MajorWood, So why didn’t the trustees do their duty and put leashes on Ambar and Raimondo or execute your option #1? Could it be that those two ladies are in reality just barking yap dogs for whoever is holding their leashes?

      Even yap dogs do not do stupid things consistently over time without having a reason. Yap dogs are usually dumb, but they nevertheless have reasons for their actions – even though those reasons are sometimes obscure.

      /s/ JD Nobody

        MajorWood in reply to J.D.Nobody. | September 25, 2019 at 1:57 pm

        This trial is about the death of “the racism card.” They overplayed it on day 1 of the protest, and everything since has been an attempt to not lose. I am a behaviorist, and as such, I see all behaviors as a strategy to meet an essential need. In this case, the need is moral superiority. Every move on their part is intended to avoid giving up their “perceived” position on “the high ground.” Except, every move has been taking them in the opposite direction as they dig themselves deeper into a hole. Mental illness is frequently defined as “repeating the same behavior and expecting a different result.” So as Oberlin prepares to double down for the eighth time (by my count), I am curious as to what they expect for an outcome, this time.

        Because, IMHO, it is the race card that is on the table, I see the shots on this being called directly by the trustees, and indirectly by someone in a position higher than the trustees. Oberlin, per se, is just a pawn in the game at this point. What is it they say about pawns? Anyhoo, about 25 years ago I visited Cemetery Ridge. As I looked out to the west, I thought, “well, that was a dumb move.” I had pretty much the same thought when Oberlin decided to not settle up with Gibsons immediately after the shoplifting case concluded. I guess when one is so focused on re-writing history as a purpose that one occasionally re-writes the parts that serve as important lessons, and thus one gets to repeat them in spectacular fashion. So anyway Oberlin, let us know how that charge up the hill is working out for you? Perhaps someone will place a small monument in the middle of Tappan Square to mark the furthest advance of the SJW army. For those who haven’t visited gettysburg, IIRC, that monument is a few hundred yards shy of the Union line.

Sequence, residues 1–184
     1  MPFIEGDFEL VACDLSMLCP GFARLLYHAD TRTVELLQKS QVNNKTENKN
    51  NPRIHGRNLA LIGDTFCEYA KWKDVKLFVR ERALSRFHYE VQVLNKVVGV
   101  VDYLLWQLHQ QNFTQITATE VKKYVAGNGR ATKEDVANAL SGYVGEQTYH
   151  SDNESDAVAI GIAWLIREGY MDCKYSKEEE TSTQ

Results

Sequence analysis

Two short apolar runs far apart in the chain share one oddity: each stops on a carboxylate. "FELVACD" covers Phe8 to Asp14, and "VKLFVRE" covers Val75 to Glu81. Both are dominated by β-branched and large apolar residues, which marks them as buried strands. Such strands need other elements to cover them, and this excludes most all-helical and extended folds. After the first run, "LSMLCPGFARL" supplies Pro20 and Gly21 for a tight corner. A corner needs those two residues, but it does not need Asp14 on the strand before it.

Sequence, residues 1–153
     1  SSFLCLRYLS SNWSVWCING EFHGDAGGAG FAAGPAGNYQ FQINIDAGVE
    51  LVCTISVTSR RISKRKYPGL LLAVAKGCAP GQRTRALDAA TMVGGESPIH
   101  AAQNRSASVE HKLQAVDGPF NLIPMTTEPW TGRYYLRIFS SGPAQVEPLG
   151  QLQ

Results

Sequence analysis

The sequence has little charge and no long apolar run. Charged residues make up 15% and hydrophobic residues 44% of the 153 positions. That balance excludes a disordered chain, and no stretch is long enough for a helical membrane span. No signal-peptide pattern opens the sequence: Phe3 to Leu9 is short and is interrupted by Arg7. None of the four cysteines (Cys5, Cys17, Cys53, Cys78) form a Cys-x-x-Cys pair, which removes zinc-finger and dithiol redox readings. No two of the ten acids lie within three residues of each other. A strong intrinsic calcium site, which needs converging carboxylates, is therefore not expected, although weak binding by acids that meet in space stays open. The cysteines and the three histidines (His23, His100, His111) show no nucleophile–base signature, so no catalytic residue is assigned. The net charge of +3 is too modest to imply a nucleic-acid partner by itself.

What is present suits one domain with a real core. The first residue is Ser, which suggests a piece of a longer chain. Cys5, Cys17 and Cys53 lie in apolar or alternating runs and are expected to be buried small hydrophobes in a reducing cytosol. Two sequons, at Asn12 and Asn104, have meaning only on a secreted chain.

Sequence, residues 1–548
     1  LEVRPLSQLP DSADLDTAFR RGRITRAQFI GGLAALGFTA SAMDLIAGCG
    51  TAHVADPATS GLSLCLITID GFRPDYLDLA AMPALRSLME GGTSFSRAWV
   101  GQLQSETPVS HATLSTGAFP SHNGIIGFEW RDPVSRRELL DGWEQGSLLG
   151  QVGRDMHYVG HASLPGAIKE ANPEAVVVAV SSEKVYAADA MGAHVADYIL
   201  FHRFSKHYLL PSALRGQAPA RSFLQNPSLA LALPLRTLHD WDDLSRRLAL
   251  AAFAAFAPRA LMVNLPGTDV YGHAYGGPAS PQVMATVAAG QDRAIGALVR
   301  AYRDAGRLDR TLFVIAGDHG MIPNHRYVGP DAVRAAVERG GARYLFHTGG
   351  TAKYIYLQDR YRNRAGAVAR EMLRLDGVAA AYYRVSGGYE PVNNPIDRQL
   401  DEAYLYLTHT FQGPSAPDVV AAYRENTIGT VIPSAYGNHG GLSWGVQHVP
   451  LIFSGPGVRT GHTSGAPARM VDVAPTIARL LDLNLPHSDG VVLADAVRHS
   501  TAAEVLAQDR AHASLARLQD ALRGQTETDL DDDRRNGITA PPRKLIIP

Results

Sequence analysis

stevewhitemd in reply to MajorWood. | September 25, 2019 at 7:51 pm

      The move to clean up Raimondo is an interesting take on this. Oberlin and its lawyers would want to do that if she is a named party in other suits, which she might be as a Dean of Students. Perhaps there are Title IX or other types of complaints sitting out there? The lawyers might be preparing the battlespace then those complaints come in.

Brave Sir Robbin | September 24, 2019 at 10:27 pm

From LI: “… and the alleged defamation of the bakery and its owners by Oberlin College and Dean of Students Meredith Raimondo.”

Alleged? I thought a trial was just concluded and this was established as fact.